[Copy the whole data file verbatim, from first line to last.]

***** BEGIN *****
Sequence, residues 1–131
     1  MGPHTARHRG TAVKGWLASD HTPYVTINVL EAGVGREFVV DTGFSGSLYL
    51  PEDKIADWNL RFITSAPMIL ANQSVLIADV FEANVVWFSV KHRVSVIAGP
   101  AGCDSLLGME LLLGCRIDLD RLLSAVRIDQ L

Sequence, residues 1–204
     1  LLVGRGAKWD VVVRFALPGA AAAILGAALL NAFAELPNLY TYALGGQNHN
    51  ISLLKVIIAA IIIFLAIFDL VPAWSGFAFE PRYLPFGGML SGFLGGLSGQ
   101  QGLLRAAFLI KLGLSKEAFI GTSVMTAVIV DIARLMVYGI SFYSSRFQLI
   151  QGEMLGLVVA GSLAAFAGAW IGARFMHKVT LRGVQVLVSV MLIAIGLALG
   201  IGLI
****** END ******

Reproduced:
Sequence, residues 1–131
     1  MGPHTARHRG TAVKGWLASD HTPYVTINVL EAGVGREFVV DTGFSGSLYL
    51  PEDKIADWNL RFITSAPMIL ANQSVLIADV FEANVVWFSV KHRVSVIAGP
   101  AGCDSLLGME LLLGCRIDLD RLLSAVRIDQ L

Sequence, residues 1–204
     1  LLVGRGAKWD VVVRFALPGA AAAILGAALL NAFAELPNLY TYALGGQNHN
    51  ISLLKVIIAA IIIFLAIFDL VPAWSGFAFE PRYLPFGGML SGFLGGLSGQ
   101  QGLLRAAFLI KLGLSKEAFI GTSVMTAVIV DIARLMVYGI SFYSSRFQLI
   151  QGEMLGLVVA GSLAAFAGAW IGARFMHKVT LRGVQVLVSV MLIAIGLALG
   201  IGLI